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Retin-A is a topical prescription medication containing the active ingredient tretinoin, derived from vitamin A. People use Retin-A to treat various skin disorders. Retin-A works as an exfoliating and keratolytic agent, helping to loosen and remove dead cells from the skin surface. It is available in cream, lotion and gel forms.
Retin-A is effective at treating mild and moderate acne, as explained by the Mayo Clinic 1. Because it helps remove dead skin cells, Retin-A can keep pores free of clogs and prevent both blackheads and whiteheads. Clogged pores also can lead to inflammatory acne caused by anaerobic bacteria. The ability of Retin-A to clear pores is beneficial for allowing oxygen to enter pores and eliminate this bacterium.
- Retin-A is effective at treating mild and moderate acne, as explained by the Mayo Clinic 1.
- Because it helps remove dead skin cells, Retin-A can keep pores free of clogs and prevent both blackheads and whiteheads.
Retin-A Vs. Tazorac
In addition to having exfoliating and keratolytic properties, Retin-A helps build collagen fibers in the layer of skin under the surface (dermis), according to DermaDoctor. This makes Retin-A useful for reducing the appearance of fine lines and wrinkles, and it is promoted as an anti-aging product.
Clearing Sun Damage
Retin-A can help repair discolored areas or rough skin on the face caused by ultraviolet light exposure. Retin-A not only removes dead skin cells, but lightens skin and slows the way the body removes skin cells that may have experienced sun damage, according to the Mayo Clinic 1. The Clinic recommends using Retin-A as part of a skin care program that includes protecting skin from sun to avoid further damage.
Alpha Hydroxy Acid Vs. Retin-A
Retin-A has benefits for people with keratosis pilaris, a group of skin conditions involving small bumps, as explained by DermaDoctor 3. This often is characterized by the hair follicles becoming small rough bumps that look like goosebumps or red inflamed bumps. These bumps typically appear on the outer sides and back of the upper arms, but can develop nearly anywhere on the body.
Retin-A also is beneficial for treating verruca plana, commonly known as flat warts, according to the Mayo Clinic 1. This condition involves numerous slightly elevated lesions, which are separate, but occur close together, usually on the face, hands and shins.
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- Mayo Clinic: Tretinoin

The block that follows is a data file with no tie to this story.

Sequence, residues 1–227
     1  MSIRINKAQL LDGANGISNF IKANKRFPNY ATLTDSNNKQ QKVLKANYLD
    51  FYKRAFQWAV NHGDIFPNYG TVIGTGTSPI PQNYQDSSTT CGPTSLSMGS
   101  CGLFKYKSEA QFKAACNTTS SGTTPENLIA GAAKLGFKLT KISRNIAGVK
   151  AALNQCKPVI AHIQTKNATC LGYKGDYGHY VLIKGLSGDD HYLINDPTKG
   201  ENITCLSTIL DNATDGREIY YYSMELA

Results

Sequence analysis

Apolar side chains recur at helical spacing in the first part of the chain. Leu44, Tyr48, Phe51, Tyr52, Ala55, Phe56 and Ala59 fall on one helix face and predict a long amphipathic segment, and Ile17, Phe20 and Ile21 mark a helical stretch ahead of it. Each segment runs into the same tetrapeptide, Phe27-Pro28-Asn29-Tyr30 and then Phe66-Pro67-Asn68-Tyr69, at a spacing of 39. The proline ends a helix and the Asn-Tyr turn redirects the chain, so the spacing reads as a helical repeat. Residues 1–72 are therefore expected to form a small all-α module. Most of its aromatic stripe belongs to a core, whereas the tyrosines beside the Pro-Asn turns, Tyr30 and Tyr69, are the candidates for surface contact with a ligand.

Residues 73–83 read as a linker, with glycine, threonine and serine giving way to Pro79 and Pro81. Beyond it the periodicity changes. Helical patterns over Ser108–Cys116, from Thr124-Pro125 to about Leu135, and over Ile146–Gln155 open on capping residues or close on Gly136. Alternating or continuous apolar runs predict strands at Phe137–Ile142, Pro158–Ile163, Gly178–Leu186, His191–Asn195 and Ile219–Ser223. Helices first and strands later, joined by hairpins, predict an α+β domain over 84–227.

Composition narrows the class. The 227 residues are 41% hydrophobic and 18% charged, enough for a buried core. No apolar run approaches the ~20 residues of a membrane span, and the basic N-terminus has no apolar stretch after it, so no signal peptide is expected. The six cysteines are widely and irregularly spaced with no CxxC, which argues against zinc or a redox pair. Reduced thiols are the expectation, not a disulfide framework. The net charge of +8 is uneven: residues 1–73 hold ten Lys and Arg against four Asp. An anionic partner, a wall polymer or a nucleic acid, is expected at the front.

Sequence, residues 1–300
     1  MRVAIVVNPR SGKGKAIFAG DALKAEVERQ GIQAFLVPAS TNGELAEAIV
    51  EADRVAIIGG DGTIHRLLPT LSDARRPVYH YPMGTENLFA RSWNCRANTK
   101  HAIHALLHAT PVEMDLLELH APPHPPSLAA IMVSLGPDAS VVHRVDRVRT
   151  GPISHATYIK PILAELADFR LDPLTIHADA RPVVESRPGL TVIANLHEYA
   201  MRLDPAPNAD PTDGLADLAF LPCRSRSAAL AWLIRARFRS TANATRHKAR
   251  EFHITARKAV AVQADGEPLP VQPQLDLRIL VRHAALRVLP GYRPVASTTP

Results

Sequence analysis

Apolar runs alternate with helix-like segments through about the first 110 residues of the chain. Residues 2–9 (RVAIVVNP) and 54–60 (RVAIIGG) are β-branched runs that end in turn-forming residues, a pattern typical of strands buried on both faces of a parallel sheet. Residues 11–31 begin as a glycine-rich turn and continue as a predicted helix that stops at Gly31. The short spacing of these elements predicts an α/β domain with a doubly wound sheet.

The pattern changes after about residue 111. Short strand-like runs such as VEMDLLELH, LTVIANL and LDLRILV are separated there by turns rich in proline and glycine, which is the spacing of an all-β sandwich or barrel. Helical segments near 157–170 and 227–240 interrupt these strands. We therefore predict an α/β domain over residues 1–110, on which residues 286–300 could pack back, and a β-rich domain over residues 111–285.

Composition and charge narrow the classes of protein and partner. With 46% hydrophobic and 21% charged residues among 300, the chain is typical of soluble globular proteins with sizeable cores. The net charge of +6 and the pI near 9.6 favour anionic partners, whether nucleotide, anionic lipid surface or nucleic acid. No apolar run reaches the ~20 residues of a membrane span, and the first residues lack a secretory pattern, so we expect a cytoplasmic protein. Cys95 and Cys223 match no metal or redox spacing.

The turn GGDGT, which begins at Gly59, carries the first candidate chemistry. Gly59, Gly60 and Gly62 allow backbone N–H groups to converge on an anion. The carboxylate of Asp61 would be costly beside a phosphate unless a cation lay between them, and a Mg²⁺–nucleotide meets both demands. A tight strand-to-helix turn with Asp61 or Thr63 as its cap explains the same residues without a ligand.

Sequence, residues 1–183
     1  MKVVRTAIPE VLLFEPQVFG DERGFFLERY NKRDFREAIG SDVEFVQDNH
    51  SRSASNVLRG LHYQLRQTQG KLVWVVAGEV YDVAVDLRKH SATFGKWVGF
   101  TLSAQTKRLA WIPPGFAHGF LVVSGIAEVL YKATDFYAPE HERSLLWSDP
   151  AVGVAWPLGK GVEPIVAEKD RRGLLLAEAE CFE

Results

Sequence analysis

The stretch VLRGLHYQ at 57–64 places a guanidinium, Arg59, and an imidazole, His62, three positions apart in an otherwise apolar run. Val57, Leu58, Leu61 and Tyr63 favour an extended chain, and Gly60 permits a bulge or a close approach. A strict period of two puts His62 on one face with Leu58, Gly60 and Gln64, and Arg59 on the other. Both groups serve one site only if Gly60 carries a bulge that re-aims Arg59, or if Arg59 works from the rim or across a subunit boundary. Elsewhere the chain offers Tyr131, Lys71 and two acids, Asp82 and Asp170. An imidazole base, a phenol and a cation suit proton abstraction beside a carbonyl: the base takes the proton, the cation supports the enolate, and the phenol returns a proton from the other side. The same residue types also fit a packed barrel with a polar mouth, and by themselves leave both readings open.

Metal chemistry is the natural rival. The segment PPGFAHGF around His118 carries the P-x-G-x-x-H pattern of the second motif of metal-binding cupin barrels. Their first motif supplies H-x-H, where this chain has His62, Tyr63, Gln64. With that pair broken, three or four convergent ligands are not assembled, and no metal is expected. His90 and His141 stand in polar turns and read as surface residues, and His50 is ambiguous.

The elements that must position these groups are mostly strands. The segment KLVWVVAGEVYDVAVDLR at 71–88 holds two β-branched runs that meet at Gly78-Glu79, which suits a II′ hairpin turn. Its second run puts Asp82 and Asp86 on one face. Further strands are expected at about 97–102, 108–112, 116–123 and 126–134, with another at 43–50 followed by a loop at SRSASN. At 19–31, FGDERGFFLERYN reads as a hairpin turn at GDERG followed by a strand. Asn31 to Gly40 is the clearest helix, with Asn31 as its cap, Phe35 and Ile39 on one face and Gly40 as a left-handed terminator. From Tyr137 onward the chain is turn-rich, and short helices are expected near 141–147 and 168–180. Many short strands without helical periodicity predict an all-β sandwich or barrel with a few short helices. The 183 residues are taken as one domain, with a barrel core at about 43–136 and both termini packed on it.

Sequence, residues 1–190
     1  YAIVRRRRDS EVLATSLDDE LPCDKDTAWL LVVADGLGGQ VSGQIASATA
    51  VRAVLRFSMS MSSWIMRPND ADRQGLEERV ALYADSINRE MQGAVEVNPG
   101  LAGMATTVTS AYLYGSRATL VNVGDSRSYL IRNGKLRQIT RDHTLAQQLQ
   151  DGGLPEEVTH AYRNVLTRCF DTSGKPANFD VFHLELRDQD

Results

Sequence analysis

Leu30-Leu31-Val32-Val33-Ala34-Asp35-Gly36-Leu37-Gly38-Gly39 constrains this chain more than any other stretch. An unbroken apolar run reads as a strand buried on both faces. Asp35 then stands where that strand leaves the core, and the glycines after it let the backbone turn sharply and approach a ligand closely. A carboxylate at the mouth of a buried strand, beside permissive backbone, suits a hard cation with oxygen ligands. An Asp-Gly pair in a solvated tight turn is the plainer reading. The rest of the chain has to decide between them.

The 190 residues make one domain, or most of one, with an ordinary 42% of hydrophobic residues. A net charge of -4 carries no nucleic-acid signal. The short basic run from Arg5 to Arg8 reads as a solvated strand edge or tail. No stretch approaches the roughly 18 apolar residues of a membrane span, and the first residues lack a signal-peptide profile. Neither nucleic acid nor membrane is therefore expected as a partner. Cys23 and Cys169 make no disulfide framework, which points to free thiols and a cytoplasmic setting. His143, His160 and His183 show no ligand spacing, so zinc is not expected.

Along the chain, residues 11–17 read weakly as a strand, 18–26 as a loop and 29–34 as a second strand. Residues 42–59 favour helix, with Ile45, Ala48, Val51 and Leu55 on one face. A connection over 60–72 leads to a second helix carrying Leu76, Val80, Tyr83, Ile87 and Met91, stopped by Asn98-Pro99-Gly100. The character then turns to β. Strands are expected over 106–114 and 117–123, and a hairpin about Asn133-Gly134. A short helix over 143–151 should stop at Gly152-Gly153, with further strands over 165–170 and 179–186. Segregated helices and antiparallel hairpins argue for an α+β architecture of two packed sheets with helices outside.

- U.S. National Institutes of Health: Tretinoin
- Help for KP: Keratosis Pilaris
- Leyden J, Stein-gold L, Weiss J. Why Topical Retinoids Are Mainstay of Therapy for Acne. Dermatol Ther (Heidelb). 2017;7(3):293-304. doi:10.1007/s13555-017-0185-2
- U.S. Food & Drug Administration. Retin-A [labeling]. Updated June 10, 2002.
- Knor T. Flattening of atrophic acne scars by using tretinoin by iontophoresis. Acta Dermatovenerol Croat. 2004;12(2):84-91.
- Davis EC, Callender VD. Postinflammatory hyperpigmentation: a review of the epidemiology, clinical features, and treatment options in skin of color. J Clin Aesthet Dermatol. 2010;3(7):20-31.
- Mukherjee S, Date A, Patravale V, Korting HC, Roeder A, Weindl G. Retinoids in the treatment of skin aging: an overview of clinical efficacy and safety. Clin Interv Aging. 2006;1(4):327-48.
- U.S. Food & Drug Administration. RETIN-A MICRO® [labeling]. Revised January 2014.
- Chen K, White TJ, Juzba M, Chang E. Oral isotretinoin: an analysis of its utilization in a managed care organization. J Manag Care Pharm. 2002;8(4):272-7. doi:10.18553/jmcp.2002.8.4.272
- "Tretinoin Topical." MedlinePlus. 03 April 2000. U.S. National Library of Medicine & National Institutes of Health.
- Kircik LH. "Evaluating tretinoin formulations in the Treatment of Acne." Journal of Drugs in Dermatology. 2014 Apr;13(4):466-70.
- Yeh L, Bonati LM, Silverberg NB. "Topical Retinoids for Acne."Seminars in Cutaneous Medicine and Surgery. 2016 Jun;35(2):50-6.
- Zaenglein AL, Pathy AL, Schlosser BJ, Alikhan A, Baldwin HE, et. al. "Guidelines of Care for the Management of Acne Vulgaris." Journal of the American Academy of Dermatology 74.5 (2016): 945-73.
Shelley Moore is a journalist and award-winning short-story writer. She specializes in writing about personal development, health, careers and personal finance. Moore has been published in "Family Circle" magazine and the "Milwaukee Sentinel" newspaper, along with numerous other national and regional magazines, daily and weekly newspapers and corporate publications. She has a Bachelor of Science in psychology.